so who do you feel sorrier for...the patients or the doctors? maybe we should all head for another country to see how those doctors make it work!
REALLY!

jess

CHRIS WBS
03-29-2010, 04:33 PM
http://medinnovationblog.blogspot.com/

jrnyc
03-29-2010, 04:54 PM
according to the lawsuits they file, Physicians Foundation and their members care about little but how much they are reimbursed by insurance companies...they hate Medicare, so it would be expected that they wouldnt like the health care bill, either...they are so busy filing lawsuits against people like aetna and cigna, i am surprised they have time to think of patients...
i dont like the way insurance companies treat patients, but i doubt that these people have patients at heart either!

jess

mamamax
04-02-2010, 06:20 AM
Companies like Verizon, AT&T, Caterpilar, Deere, etc .. enjoy enjoy tax benefits for retiree plans. For Verizon, this amounts to $970 million dollars a year. Our new law eliminates this tax break beginning in 2013. I read in a Bloomburg article where this will cause consumer prices to rise. So, looks like both big business and consumers will share in covering the cost of health care? I think the Bloomburg article may just be covering the tip of the iceburg. http://www.bloomberg.com/apps/news?pid=20601087&sid=acOdGHWujF9I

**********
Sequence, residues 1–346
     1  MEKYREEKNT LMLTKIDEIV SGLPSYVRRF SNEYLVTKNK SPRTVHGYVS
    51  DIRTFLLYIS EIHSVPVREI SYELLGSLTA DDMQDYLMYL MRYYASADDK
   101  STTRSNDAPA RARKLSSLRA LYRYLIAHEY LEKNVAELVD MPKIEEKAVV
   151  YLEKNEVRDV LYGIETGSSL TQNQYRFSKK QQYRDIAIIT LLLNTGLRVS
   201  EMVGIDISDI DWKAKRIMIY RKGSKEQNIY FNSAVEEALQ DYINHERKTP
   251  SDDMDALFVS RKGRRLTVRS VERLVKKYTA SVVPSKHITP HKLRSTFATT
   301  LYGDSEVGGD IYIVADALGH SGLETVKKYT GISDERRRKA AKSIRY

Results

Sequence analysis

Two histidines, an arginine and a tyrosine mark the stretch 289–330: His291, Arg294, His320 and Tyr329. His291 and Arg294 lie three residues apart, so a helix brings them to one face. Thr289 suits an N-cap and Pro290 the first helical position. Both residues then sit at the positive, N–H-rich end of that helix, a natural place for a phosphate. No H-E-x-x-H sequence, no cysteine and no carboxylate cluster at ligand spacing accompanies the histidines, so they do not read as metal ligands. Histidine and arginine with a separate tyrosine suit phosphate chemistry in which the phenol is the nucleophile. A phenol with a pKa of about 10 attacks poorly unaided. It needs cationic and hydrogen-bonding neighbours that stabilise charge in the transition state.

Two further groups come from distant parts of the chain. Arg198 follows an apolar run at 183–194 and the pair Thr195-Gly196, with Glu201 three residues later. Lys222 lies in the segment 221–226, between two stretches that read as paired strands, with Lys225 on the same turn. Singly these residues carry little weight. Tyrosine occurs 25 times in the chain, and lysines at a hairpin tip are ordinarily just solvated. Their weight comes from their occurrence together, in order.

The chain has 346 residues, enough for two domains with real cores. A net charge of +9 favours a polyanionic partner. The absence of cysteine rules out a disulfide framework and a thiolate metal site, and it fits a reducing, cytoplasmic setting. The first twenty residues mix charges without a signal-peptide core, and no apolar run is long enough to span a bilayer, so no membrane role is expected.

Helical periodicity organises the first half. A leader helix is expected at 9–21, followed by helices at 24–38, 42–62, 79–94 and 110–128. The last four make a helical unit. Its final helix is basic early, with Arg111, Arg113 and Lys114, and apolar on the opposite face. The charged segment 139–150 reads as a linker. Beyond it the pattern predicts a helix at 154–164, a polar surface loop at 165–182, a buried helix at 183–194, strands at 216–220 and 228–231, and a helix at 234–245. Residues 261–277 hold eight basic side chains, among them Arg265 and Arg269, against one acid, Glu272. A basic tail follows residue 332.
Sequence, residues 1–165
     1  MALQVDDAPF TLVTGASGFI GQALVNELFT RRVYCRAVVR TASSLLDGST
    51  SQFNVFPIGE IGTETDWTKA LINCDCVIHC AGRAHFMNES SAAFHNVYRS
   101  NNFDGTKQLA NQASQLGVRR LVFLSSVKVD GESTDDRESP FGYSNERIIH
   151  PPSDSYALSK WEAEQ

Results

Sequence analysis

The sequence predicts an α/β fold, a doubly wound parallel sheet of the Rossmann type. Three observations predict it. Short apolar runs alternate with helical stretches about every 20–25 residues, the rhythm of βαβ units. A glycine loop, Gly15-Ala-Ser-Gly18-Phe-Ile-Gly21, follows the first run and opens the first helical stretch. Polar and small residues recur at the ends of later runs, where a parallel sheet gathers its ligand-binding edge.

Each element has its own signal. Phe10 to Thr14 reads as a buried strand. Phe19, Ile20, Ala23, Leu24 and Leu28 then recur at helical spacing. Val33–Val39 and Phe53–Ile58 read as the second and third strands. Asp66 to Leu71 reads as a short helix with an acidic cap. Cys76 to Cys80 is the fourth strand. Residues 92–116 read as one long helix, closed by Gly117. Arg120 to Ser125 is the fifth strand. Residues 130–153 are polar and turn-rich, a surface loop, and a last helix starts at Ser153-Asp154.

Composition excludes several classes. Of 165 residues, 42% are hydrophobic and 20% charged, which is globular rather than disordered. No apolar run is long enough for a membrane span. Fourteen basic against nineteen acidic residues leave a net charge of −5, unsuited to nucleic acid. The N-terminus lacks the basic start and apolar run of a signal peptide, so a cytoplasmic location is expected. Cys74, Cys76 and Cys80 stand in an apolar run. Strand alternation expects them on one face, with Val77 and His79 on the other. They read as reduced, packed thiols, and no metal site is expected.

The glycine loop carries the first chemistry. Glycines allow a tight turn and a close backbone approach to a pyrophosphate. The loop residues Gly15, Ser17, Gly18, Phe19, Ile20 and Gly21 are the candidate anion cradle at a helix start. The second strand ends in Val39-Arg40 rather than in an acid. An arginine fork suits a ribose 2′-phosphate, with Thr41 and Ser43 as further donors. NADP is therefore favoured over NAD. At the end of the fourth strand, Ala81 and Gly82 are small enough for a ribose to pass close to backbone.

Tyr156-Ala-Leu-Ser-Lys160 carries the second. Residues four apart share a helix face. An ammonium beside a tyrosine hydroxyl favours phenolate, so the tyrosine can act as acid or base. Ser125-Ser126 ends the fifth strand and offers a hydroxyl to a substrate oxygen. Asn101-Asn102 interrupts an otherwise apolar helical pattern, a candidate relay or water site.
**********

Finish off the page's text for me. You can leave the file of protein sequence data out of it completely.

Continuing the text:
Just a few days ago, the state I live in passed a law where employees like myself, will begin "contributing" to our pension plan. The bill was a last minute "surprise" introduction - following the passage of the health care law (hmmmm). This amounts to me taking $75/year out of my pocket. Doesn't sound like much - but, in addition to rising costs on everything else that I will face + the fact that raises (and cost of living increases) have been, and will continue to be, out of the question till who knows when ... finds me wondering if my personal budget won't become even more stressed than it has been. Of course I'm lucky to have a job, and am grateful for that - even if I have to worry constantly about keeping it amid relentless budget cuts.